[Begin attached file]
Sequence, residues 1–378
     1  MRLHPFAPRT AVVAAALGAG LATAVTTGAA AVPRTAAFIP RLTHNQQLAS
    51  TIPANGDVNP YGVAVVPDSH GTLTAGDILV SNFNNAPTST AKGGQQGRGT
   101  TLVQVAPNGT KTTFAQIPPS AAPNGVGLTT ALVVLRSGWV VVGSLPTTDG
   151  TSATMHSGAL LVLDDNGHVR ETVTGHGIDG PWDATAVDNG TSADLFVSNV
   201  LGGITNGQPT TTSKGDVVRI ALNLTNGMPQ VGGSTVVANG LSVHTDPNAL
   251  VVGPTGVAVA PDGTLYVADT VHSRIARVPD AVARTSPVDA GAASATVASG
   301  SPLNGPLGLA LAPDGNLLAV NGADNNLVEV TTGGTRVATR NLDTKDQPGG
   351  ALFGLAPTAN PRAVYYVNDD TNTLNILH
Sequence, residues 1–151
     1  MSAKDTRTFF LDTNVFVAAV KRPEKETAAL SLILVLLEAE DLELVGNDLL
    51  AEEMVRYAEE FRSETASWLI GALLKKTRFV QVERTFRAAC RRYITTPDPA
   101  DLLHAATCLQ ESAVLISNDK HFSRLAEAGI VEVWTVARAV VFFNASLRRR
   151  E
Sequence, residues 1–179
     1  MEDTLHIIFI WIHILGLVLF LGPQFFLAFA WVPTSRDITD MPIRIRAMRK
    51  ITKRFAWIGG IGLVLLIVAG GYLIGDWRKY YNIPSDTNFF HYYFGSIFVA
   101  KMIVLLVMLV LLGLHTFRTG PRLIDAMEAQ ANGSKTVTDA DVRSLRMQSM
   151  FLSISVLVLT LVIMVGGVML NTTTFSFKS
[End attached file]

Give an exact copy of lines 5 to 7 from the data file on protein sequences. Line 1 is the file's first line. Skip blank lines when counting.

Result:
   151  TSATMHSGAL LVLDDNGHVR ETVTGHGIDG PWDATAVDNG TSADLFVSNV
   201  LGGITNGQPT TTSKGDVVRI ALNLTNGMPQ VGGSTVVANG LSVHTDPNAL
   251  VVGPTGVAVA PDGTLYVADT VHSRIARVPD AVARTSPVDA GAASATVASG